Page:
Instructions

Push the juice container lid into the cut end of the paper towel tube.  It should fit snuggly. The nesting tube needs to have one end closed off or the bees will not be able to nest in the tube.

Place the paper straws and/or mason bee tubes in the paper towel tube and push them back so they are snug against the juice lid. Place enough paper straws inside until they are snug and will not fall out.

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Paper straws inserted into paper towel tube and pushed snug to the back.

Cover the outside of the paper towel tube with duct tape.  This will help keep the bee nest water proof and last longer.

Place your bee nest outside in your landscape with the nest positioned horizontally.  The opening should face south or southeast. Put the nest approximately 2-4 feet above the ground. Use two zip ties or twine to attach the bee nest to a post or fence. You could also attach it to a building, tree or large shrub. Wherever you place the bee nest, make sure it is securely attached and level.

post

Place your bee nest outside in your landscape with the nest positioned horizontally. The opening should face south or southeast.

Female native solitary bees will nest in the bee tube during the spring and summer.  The immature bees will over winter in the tube and emerge as adults next spring. Leave the bee nest in place for approximately two years.  Replace the bee nest when all the bees have emerged.

MJ Frogge

It is Pollinator Week!

Happy National Pollinator Week!  There are many ways to celebrate pollinator week:

1. Plant Native Plants. Native plants provides native pollinators with food in the form of pollen and nectar. Select plants that have a long bloom time. Also grow a wide selection of plants so you have plants blooming April through October.
2. Let your yard get a little messy. Leave unhazardous snags for nesting places and stack tree limbs to create a brush pile, which is a great source of cover for pollinators. Build an insect hotel or bee house in your landscape.
3. Create or protect water sources. Bees need water to drink. Create a water feature with rocks for insects to land. Be sure to keep birdbaths clean and change the water three times per week when mosquitoes are breeding.
4. Limit or eliminate pesticide use. By using fewer or no chemicals in the landscape you will help keep pollinator populations healthy.
5. Identify non-native invasive plants. Work to remove them from your yard. Do not bring any new invasive plants into your habitat. Invasive plants do not provide as much quality food or habitat as native plants do and can threaten healthy ecosystems.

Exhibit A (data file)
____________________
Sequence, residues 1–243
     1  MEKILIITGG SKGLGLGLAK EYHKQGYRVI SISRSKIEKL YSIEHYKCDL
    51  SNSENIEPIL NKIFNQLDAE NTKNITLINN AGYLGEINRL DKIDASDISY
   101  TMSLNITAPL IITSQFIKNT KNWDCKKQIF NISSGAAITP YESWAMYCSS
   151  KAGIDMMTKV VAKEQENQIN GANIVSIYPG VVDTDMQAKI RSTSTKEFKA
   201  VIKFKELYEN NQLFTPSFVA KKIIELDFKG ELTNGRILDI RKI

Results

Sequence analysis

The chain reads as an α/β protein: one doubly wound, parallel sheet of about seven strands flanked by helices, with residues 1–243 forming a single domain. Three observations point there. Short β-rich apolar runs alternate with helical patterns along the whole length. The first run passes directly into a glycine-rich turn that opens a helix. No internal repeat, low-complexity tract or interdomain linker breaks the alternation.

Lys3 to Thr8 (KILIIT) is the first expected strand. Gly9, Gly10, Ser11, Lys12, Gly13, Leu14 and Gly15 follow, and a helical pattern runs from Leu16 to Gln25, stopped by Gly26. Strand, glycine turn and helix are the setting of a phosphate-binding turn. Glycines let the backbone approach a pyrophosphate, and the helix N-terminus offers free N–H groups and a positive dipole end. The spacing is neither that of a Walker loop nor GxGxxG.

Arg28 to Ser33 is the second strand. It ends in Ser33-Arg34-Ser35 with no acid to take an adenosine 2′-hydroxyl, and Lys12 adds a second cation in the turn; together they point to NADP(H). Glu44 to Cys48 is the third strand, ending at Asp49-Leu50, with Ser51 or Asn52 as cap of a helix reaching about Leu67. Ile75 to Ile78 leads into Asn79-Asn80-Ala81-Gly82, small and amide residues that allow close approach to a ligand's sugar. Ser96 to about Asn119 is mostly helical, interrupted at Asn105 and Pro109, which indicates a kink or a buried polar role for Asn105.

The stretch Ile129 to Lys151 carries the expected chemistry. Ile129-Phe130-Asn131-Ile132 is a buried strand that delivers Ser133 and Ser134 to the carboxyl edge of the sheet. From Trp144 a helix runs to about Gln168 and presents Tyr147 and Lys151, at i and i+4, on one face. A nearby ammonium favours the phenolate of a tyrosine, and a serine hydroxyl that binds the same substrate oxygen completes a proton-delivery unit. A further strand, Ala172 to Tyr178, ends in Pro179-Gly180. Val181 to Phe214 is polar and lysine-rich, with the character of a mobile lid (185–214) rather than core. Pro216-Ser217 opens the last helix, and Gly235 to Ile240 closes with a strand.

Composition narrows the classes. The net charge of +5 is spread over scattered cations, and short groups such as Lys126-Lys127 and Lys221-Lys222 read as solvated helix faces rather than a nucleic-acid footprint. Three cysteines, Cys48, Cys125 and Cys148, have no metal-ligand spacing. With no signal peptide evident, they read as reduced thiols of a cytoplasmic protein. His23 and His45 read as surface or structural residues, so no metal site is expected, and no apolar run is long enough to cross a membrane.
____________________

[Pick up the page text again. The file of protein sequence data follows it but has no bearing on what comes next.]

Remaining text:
If you live in Lincoln, attend this event:

Pollinator Power Event

Tuesday, June 21st 2016 (5:30 – 7:30 PM)

At UNL East Campus, Lincoln NE

Entomology & Agronomy and Horticulture Departments’ Pollinator Garden

Directions: On UNL East Campus

Take Fair Street North of the College of Law Building.

Follow gravel road back towards 48th and Holdrege, park where directed.

Kids activities
Pollinator demonstration, garden tours
Learn about pollinator-friendly plants, honey bees, wild bees, Monarch butterflies and more…

MJ

 

Doing a little Bee Nest Box Upkeep

 

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A few of the new blocks for the Bee Nesting Structure in the Cherry Creek Habitat

Today was a little upkeep and renovation to the bee nesting box structure in the Cherry Creek Habitat. I spent a few days drilling various-sized holes in scrap lumber to replace some of the older nesting blocks. I carefully examined the current nesting blocks and if they were in good shape, never used or had bees already nesting in them, left them in the habitat. Some of the wood I had used before just wasn’t the best and the holes had swelled nearly shut. If there was anything that looked like it was too wet, moldy or decaying, it was removed. I did the same for the bamboo and phragmites stems.

To learn how to create your own pollinator-friendly habitat, visit http://lancaster.unl.edu/pest/bees.shtml.

As I cleaned up the structure, I found all sorts of other critters living in the habitat. Yellowjacket workers who huddled together at the end of their lives. Dermestid beetle larvae feeding on the dead yellowjackets. A bold jumping spider made me “jump” but by the time I got the camera out to photograph his magnificent face, he had scooted off – the same for the Parsons spider. I wasn’t quick enough with the camera. I also upset a very large colony of acrobat ants. Little did I know that they have a very painful bite and they let me know by attacking my hands and arms. I did find a phragmites stem that was split and you could see the neat nest made by a leafcutter bee. It is the featured photo on this post.